• สุขสันต์วันคริสต์มาส และสวัสดีปีใหม่="Souksan wan Christmas lae Sawadi Pee Mai" in Thai
  • Mutlu Noeller - Turkish - "Happy Christmas"
  • З Різдвом Христовим (Z Rizdvom Khrystovym) or, when meeting in person, Христос народився! - Славімо Його! ("Khrystos narodyvsya! - Slavimo yoho!", lit. "Christ was born! - Praise be with Him!") in Ukrainian.
  • Nadolig Llawen a Blwyddyn Newydd Dda - Wales (by Welsh speakers), "Merry Christmas and a Happy New Year"
  • 聖誕節快樂 / 圣诞节快乐 (Shèngdànjié kuàilè) - Merry Christmas!, 新年快樂 / 新年快乐 (Xīnnián kuàilè) - Happy New Year! in Chinese
  • メリークリスマス (Merii Kurisumasu, often with a raised dot between the two words) - Merry Christmas!, よいお年を (Yoi o-toshi-o) (before), 明けましておめでとう (after) - Happy New Year! in Japanese

[10]

Non-English, Non-Christmas

  • Kull 'ām wa 'antum bikhair كل عام وأنتم بخير - Arabic for "May every year find you (plural) in good health"
  • 'A'yād Sa'īdah أعياد سعيدة - Arabic for "Happy Holidays"
  • Īd mubārak عيد مبارك - Arabic for "Blessed Eid" is used to greet at the end of Ramadan on Eid ul-Fitr
  • Taqabbala Allāhu minnā wa minkum تقبل الله منا ومنكم - Arabic for "May God accept from us, and from you"
  • 'Īd sa‘īd عيد سعيد - Arabic for "Happy Eid" or "Happy Holiday"
  • Ramaḍān Karīm رمضان كريم - Arabic for "Blessed Ramadan" is used to greet at the beginning of Ramadan
  • Весели празници (Veseli praznitsi, Happy Holidays), Честита нова година (Chestita nova godina, Happy New Year) in Bulgarian
  • Bon Carnaval - A French, Creole, or Cajun carnival greeting often used for Mardi Gras.
  • Prettige Kerstdagen en een gelukkig nieuwjaar - Dutch
  • Jour de l'An- French for Happy New Year used in French Canada
  • Joyeuses Fêtes - French for Happy Holidays used in French Canada
  • Boas Festas - Galician for Happy Holidays
  • Καλές Γιορτές Greek for Happy Holidays or Χρόνια Πολλά Greek literaly "Many Years"
  • Mele Kalikimaka - Hawaiian, is preferred over the traditional American "Merry Christmas" in the U.S. state of Hawaii; made popular worldwide by Bing Crosby and the Andrews Sisters in 1950 in song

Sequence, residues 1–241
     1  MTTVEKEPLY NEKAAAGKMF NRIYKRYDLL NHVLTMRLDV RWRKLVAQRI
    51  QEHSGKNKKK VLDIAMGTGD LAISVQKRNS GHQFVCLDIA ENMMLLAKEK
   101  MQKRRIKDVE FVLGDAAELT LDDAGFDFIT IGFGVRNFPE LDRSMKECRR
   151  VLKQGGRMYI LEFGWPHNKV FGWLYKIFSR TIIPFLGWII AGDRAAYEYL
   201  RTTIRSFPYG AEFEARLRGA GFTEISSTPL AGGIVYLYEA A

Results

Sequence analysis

• Gmar Chatimah Tovah גמר חתימה טובה ("May you be sealed for good") or Tzom Kal צום קל ("Have an easy fast") - solemn greetings for Yom Kippur.
  • Mo-ād-īm L'sim-chā מועדים לשמחה - Hebrew language for "Happy Holidays" is the proper greeting for the Jewish Pilgrimage Festivals (Passover, Shavuot, Sukkot). The response is "Chāg-īm Uz'mān-īm L'sā-son חגים וזמנים לששון". These phrases also appear liturgically.
  • L'Shanah Tovah לשנה טובה Hebrew, Lit. "for a good year". Common greeting during Rosh Hashanah and Days of Awe. It is derived from L'shanah tovah tikatev v'tikhatem, לשנה טובה תכתב ותחתם lit. "May you be inscribed and sealed for a good year". Alternatively one may wish someone a Shanah tovah u'metukah שנה טובה ומתוקה "A good and sweet year".
  • Chag Sameach חג שמח - Hebrew for "Joyous festival", used for most Jewish festivals.
  • Deepavali ki Shubhkamnaye: Diwali greeting in Hindi
  • Nav varsh ki Shubhkamnaye: New Year greeting in Hindi
  • Naya Saal Mubarak: New Year greeting in Urdu
  • Mohon maaf lahir dan batin: Please forgive my trespasses (sins) Indonesian
  • Selamat Tahun Baru: "Happy New Year" Indonesian
  • Selamat Hari Raya, Selamat Idul Fitri or Salam Aidilfitri - Indonesia and Malaysia
  • Buone Feste - Italian for Happy Holidays
  • 明けましておめでとうございます。(Akemashite Omedetō-gozaimasu.), in Japanese, literally: "Opening congratulations." but is used as "Happy New Year."
  • 새해 복 많이 받으세요 Saehae Bok Mani baduseyo - Korean "Happy New Year"
  • Kellemes húsvéti ünnepeket: Pleasant Easter Holidays-- in Hungarian(Magyar)
  • Schéi Feierdeeg - Luxembourgish for Happy Holidays
  • maaf zahir dan batin - Malaysian Lit. "Forgive my physical and emotional (wrongdoings)"
  • gōng xǐ fā cái - Chinese (Mandarin), "Congratulations and Prosperity"
  • "Шинэ жилийн мэнд хүргэе" Shini jiliin mend hurgie, -Mongolian,- Happy New Year
  • Shin Jileen Mend Khurgey - Mongolian for Happy New Year
  • Wesołych Świąt - Polish greeting used before Christmas (literally 'Happy Holidays').
  • Feliz Natal - Portuguese for Happy Christmas
  • Boas Festas - Portuguese for Happy Holidays
  • С Новым Годом (S Novim Godom) - Russian, - Happy New Year Lit. "With a New Year" (on the 1st of January and later); С Наступающим! (S Nastupajuschim) Lit. "With the Coming (Year/Holiday)" (before the New Year has actually begun)